To rely solely on large institutions to coordinate and dictate data and research means that information is increasingly biased. Moreover, centralized power structures tend to keep information siloed and inaccessible.
Predictive markets work because they leverage social trading and reputation. HedgeTrade’s own platform is an excellent example of leveraging the power of predictive markets and social trading.
Because of the improvements offered by smart-contracts and blockchain technology, your digital reputation now means something. And because of that, it is valuable and monetizable. This method of information sharing relies on decentralized networks and blockchain technology.
Morning Star Tomatoes
In many ways, autonomous work is inevitable in the digital age. We no longer rely on expensive, top-heavy infrastructure to run the day-to-day operations of a company.
But what might surprise you is that autonomous workers with a leaderless model have been around for a while. Chris Rufer, the founder of Morning Star, has been in business since the 70s. Morning Star is the world’s largest tomato company and has employed a leaderless model and an autonomous ethos for years.
Rufer uses had coined what he calls CLOUs: Colleague Letters of Understanding. This is a flexible contract used to coordinate arrangements. The contract applies a peer-to-peer model to an agricultural business. The CLOUs contract helps employees to organize themselves, by allowing each employee to personally develop a contract.
CLOUs and Morning Star
A CLOU’s contract includes:
- Personal Commercial Mission: The mission is personal to each colleague, as it makes clear how they will contribute to the enterprise. The statement serves to guide the individual in everyday operations and long-term goals.
- Activities: This section describes how they will accomplish their personal mission in terms of their roll in the operations of the business.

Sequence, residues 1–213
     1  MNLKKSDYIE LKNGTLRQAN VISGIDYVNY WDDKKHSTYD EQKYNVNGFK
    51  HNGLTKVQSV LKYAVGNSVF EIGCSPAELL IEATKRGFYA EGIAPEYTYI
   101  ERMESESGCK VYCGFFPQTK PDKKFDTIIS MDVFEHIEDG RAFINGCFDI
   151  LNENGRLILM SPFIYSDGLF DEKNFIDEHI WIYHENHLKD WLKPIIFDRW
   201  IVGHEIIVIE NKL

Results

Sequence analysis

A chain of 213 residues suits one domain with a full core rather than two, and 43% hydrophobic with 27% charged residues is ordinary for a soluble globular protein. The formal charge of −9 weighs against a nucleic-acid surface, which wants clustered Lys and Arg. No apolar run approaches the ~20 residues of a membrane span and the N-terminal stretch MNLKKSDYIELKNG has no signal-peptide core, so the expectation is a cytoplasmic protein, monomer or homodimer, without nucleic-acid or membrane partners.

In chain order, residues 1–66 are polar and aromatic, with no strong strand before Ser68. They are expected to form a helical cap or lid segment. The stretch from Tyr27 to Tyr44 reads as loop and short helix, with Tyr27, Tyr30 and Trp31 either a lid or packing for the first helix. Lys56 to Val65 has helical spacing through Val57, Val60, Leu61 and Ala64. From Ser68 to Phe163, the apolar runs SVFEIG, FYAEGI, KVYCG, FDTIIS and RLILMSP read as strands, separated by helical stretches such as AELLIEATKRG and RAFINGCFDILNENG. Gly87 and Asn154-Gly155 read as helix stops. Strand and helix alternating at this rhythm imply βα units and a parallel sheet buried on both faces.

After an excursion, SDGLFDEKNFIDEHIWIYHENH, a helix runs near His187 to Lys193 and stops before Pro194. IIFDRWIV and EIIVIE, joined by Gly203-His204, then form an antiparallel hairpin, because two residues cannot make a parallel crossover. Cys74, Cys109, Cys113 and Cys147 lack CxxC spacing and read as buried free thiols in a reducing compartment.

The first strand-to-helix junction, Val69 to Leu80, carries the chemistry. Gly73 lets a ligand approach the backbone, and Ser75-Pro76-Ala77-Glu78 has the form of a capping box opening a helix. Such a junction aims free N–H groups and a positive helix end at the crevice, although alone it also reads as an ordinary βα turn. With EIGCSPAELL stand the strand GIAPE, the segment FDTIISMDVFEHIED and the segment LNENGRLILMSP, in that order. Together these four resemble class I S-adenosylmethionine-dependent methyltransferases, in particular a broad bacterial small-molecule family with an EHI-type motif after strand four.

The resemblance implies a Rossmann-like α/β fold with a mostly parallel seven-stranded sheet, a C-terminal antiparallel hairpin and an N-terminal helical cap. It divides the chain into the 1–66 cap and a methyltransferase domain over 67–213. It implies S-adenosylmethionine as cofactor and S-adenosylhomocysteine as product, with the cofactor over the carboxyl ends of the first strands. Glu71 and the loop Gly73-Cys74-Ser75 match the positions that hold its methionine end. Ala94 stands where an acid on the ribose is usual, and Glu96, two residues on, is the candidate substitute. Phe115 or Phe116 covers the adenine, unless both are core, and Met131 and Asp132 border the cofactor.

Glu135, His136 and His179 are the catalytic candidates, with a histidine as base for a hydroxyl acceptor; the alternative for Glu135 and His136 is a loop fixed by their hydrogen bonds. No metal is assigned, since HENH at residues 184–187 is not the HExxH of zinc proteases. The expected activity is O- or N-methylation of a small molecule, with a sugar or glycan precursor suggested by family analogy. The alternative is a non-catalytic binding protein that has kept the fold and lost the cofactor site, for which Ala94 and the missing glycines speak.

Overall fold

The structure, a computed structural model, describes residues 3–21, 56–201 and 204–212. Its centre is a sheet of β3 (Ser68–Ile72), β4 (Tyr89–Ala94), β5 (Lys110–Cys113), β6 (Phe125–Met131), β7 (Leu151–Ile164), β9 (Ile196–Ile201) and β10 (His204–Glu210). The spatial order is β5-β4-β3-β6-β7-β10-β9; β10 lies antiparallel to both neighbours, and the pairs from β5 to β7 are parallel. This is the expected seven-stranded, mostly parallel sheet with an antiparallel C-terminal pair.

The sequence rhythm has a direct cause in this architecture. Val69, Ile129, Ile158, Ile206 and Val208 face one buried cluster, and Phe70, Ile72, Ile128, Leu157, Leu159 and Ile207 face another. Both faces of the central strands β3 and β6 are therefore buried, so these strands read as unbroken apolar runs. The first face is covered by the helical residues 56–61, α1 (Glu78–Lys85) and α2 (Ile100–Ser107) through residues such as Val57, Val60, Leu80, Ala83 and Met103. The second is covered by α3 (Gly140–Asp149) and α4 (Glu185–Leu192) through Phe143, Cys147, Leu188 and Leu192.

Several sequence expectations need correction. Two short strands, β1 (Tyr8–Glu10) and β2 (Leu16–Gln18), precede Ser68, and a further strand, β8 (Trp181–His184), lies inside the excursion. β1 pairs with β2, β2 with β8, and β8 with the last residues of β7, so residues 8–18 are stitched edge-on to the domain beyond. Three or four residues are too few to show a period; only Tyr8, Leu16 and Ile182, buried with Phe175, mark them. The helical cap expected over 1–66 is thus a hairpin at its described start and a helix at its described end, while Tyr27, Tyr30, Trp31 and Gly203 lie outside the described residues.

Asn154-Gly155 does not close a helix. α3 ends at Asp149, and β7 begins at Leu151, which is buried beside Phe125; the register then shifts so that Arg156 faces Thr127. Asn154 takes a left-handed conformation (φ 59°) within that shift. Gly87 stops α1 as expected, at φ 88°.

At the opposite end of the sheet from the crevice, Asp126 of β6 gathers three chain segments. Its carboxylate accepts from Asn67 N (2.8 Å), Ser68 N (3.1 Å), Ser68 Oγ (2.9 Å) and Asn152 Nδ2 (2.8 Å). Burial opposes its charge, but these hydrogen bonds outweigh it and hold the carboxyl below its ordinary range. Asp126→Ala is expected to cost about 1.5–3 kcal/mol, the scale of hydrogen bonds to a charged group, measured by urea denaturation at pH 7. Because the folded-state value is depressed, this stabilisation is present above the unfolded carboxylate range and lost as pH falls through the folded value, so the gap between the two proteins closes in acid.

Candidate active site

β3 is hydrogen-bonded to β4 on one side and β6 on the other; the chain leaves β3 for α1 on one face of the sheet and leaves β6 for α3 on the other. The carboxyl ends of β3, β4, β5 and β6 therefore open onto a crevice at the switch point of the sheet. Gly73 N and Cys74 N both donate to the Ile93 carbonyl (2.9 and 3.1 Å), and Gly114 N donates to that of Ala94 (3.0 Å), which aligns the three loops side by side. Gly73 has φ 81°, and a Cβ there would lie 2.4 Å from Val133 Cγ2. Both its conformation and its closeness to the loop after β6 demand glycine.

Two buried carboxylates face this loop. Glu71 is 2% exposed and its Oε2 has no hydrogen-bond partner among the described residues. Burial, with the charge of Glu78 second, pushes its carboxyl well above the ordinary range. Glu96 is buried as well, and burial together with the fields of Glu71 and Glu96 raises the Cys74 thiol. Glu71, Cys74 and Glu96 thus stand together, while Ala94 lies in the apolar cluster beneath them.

- Steppingstones: “Steppingstones” are a part of the unique internal lingo and ethos of Morning Star. This step includes measurable goals and directives. This is how each colleague’s accomplishments are measured. Each person’s achievements are defined with personal steppingstones.
- Time commitment: Given the flexibility of Morning Star, it is essential that each person sets and agrees to their own personal time commitment to the company.
Paul Green believes there are good reasons for the success of their leadership model. The success of Morning Star’s model is due to the fact that it is based on a culture of peers. So rather than just seeing others as co-workers, colleagues develop a culture of peers. This means that colleagues are in charge of themselves and are therefore responsible to one another. This is a major shift in the “employee v. management” organization. It means that co-workers must coordinate with each other and build a productive team environment.
Interestingly, Green does not see his company as being without management. Rather this model is a much richer, more productive kind of management that fosters and maintains self-management.
The developer of Morning Star Chris Rufer states:
“The best human organizations are those in which people aren’t managed by others, but in which participants coordinate among themselves, managing their own relationships and commitments to others.”
More Leaderless Examples
So where are the other leaderless companies? Marjorie Kelly, former editor and co-founder of Business Ethics magazine, lists multiple organizations that are charting their own leaderless future.
A few more examples include:
- Beverly Cooperative Bank in Massachusetts
- Denmark’s Lynetten Wind Cooperative
- Organic Valley
Much like Morning Star, Organic Valley consists of more than 1,600 farm families based in Wisconsin. The company is widespread, however, and their outreach includes many community forests of Mexico, which includes 50% to 80% of the country’s forests. Everyone who works with Organic Valley is an employee of a community-owned and operated farm.